From: Eric Hand, Science
Published March 26, 2015 07:29 AM

How NASA is planning on diverting an asteroid

NASA has decided to pluck a small boulder off an asteroid and bring it back to the vicinity of Earth, rather than bag up an entire asteroid, agency officials in charge of the Asteroid Redirect Mission (ARM) announced today.

The $1.25 billion mission, which is planned to launch in December 2020, would send a robotic spacecraft for a rendezvous with an asteroid in 2022. After touching down on the asteroid’s surface, the spacecraft would snatch a boulder several meters across. The spacecraft would then orbit the asteroid for up to 400 days, testing out an idea for defending Earth from a catastrophic asteroid impact: using the spacecraft’s own gravitational field to subtly alter the asteroid’s orbit. Next, the spacecraft would bring the snatched rock back to Earth’s vicinity in 2025. Finally, as part of preparations for a possible mission to Mars, astronauts would visit and examine the rock for some 25 days, using the planned Orion spacecraft to make the trip.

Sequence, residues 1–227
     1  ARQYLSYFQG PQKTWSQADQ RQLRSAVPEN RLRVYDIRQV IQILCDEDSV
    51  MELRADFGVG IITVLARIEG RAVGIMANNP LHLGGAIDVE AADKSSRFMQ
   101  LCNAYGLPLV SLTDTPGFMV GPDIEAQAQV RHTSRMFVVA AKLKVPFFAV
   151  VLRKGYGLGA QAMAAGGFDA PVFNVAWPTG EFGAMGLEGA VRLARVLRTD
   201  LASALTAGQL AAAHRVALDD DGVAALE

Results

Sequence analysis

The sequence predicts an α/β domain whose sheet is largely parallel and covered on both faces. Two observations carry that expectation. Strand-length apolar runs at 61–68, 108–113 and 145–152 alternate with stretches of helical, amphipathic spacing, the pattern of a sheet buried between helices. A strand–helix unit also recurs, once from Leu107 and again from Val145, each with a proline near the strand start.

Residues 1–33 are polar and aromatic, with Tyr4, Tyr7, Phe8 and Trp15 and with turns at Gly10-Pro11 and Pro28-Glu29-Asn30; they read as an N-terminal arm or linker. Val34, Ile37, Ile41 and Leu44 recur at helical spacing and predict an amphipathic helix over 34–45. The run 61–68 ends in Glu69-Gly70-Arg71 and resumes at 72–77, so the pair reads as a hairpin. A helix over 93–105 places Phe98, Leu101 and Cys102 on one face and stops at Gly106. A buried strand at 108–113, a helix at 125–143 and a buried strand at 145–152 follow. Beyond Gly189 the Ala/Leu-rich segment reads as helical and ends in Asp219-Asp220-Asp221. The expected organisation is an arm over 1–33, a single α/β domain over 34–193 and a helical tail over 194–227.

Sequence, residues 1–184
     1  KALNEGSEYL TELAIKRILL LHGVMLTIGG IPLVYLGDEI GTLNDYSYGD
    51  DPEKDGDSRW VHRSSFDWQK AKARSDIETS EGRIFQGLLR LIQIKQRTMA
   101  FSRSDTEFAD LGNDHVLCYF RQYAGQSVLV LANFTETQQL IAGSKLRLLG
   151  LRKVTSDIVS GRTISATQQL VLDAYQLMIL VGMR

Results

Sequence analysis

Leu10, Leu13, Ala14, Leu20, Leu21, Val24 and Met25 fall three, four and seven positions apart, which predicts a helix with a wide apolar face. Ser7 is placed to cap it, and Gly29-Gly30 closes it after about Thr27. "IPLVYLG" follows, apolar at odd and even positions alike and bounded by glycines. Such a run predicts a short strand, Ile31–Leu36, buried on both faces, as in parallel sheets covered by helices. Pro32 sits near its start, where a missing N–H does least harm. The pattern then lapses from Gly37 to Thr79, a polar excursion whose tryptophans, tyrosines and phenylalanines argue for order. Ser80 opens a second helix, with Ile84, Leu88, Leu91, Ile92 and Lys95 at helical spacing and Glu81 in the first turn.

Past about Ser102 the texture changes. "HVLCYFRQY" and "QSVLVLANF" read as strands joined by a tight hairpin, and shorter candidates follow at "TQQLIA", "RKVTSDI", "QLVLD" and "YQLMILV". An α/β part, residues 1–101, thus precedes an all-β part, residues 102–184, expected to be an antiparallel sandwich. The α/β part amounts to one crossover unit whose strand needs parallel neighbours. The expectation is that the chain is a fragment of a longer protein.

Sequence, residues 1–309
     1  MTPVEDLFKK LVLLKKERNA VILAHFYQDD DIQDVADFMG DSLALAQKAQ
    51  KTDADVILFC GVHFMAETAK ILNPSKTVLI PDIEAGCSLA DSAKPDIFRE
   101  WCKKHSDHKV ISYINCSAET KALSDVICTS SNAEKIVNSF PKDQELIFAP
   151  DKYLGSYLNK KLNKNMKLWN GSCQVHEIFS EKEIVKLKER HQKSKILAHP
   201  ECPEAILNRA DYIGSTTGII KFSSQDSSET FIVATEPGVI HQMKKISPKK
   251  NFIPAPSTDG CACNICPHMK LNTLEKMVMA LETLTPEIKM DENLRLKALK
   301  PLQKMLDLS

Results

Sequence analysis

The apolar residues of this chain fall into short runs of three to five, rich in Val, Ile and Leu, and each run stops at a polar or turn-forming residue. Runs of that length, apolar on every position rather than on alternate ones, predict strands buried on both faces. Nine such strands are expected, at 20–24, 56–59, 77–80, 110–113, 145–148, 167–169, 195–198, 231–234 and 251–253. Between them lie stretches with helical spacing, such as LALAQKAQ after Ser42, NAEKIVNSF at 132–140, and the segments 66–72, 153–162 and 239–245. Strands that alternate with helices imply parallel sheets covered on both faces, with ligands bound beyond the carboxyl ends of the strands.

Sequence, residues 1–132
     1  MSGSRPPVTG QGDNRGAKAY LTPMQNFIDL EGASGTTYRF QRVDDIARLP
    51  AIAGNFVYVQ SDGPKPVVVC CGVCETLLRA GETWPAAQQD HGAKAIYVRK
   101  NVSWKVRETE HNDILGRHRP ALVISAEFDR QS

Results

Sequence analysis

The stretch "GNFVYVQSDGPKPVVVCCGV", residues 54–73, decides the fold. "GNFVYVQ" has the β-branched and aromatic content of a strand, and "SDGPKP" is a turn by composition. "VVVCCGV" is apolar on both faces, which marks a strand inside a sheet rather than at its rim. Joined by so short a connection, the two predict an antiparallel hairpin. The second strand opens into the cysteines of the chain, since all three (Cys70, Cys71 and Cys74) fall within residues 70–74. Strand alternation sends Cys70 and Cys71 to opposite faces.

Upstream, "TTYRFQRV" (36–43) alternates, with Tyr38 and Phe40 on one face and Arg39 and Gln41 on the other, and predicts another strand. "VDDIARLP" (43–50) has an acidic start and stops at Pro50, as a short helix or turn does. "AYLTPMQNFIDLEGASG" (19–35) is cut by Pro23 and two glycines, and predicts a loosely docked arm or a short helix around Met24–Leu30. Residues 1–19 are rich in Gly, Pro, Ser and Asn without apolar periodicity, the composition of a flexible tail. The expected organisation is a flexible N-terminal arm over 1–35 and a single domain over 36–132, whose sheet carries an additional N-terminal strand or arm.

The boulder-snatch concept is expected to cost $100 million more than the bagging concept, but it would be better for developing technologies that would have greater value for exploring Mars, explained Robert Lightfoot, NASA’s associate administrator, during a teleconference today. Moreover, he says, whereas a bagging mission might get only one chance to snare its target, a boulder-snatching spacecraft will have a chance to survey the asteroid ahead of time before picking a target, and it could make several attempts at grabbing a boulder. “I’m going to have multiple targets when I get there, is what it boils down to,” he says. “That was the better value, in my opinion, for what we’re trying to do.”

Image shows how NASA'S Asteroid Redirect Mission would grab a boulder from an asteroid's surface, and then bring it back near Earth for astronauts to study. Credit: NASA.

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